In perhaps his most extraordinary exertion of judicial activism, Douglas vacated the lower court's stay against a bombing halt, in effect personally ordering the United States government to cease its bombing of Cambodia. By approaching Douglas to vacate the stay, Holtzman had given the Justice a legal means finally to do what he had been unable thus far to accomplish: meaningfully intervene in American Vietnam policy and put an end to at least a portion of the war. Douglas's decision is also a classic example of Jerome Frank's definition, under the tenets of legal realism, of the judicial function as the expression of judgments "worked out backward from conclusions tentatively formulated." There could be little doubt, given Douglas's history on the Vietnam issue and his judicial temperament, that he would grant the petitioners' request. 

Sunday, June 26, 2022

repeat
this was pretty good.
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I grew up around lawyers; they're my favorite bureaucrats. As far as legal philosophy is concerned, as a NY Biglaw partner put it, "Lawyers don't read that stuff. Lawyers are tradespeople!" Her tone was contemptuous. I laughed. 
The justices of Supreme Court are political appointees, almost always mediocre minds.
If we get hacks it's a failure of politics.
"It is the common fate of the indolent to see their rights become a prey to the active. The condition upon which God hath given liberty to man is eternal vigilance; which condition if he break, servitude is at once the consequence of his crime and the punishment of his guilt."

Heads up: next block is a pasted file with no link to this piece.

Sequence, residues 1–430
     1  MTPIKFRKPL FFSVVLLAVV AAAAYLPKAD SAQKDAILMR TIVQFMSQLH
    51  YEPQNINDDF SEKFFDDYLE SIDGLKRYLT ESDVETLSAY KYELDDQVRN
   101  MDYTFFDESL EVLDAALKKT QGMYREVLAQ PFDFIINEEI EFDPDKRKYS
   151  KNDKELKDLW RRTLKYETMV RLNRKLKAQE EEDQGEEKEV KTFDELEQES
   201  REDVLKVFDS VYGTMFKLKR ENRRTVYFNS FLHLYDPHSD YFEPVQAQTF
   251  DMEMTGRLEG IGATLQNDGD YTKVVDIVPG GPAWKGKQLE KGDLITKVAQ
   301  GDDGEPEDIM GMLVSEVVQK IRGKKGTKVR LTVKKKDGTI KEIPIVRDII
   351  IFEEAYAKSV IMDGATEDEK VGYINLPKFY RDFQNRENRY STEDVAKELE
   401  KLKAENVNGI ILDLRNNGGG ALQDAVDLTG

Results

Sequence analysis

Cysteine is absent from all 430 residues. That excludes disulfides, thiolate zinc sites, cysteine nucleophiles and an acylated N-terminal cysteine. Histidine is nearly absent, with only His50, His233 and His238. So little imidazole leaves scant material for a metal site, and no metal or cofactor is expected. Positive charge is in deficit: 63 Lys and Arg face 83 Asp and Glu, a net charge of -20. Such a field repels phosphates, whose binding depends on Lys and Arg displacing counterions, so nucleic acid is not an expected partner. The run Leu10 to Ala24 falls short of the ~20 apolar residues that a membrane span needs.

Friday, June 24, 2022

Bessner 

At the present moment, however, a majority of Americans side with the liberal internationalists: in a Pew poll taken in early 2020, 91 percent of American adults thought that “the U.S. as the world’s leading power would be better for the world,” up from 88 percent in 2018.

Nonetheless, there’s a growing generational divide over the future of U.S. foreign policy. A 2017 survey by the Chicago Council on Global Affairs, for instance, discovered that only 44 percent of millennials believe that it’s “very important” for the United States to maintain “superior military power worldwide,” compared with 64 percent of boomers. In a poll from 2019, zoomers and millennials were more likely than boomers to agree that “it would be acceptable if another country became as militarily powerful as the U.S.”

The fact that younger Americans are waking up to the manifold and manifest failures of liberal internationalism presents the United States with an enormous opportunity: it can abandon an irresponsible and hubristic liberal internationalism for restraint. This will, admittedly, be a difficult task. Americans have ruled the world for so long that they see it as their right and duty to do so (especially since most don’t have to fight their nation’s wars). Members of Congress, meanwhile, get quite a bit of money, and their districts even get a few jobs, from defense contractors. Both retired generals and pointy-headed intellectuals rely on the defense industry for employment. And restraint is still a minority position in the major political parties.

It’s an open question whether U.S. foreign policy can transform in a way that fully reflects an understanding of the drawbacks of empire and the benefits of a less violent approach to the world. But policymakers must plan for a future beyond the American Century, and reckon with the fact that attempts to relive the glories of an inglorious past will not only be met with frustration, but could even lead to war.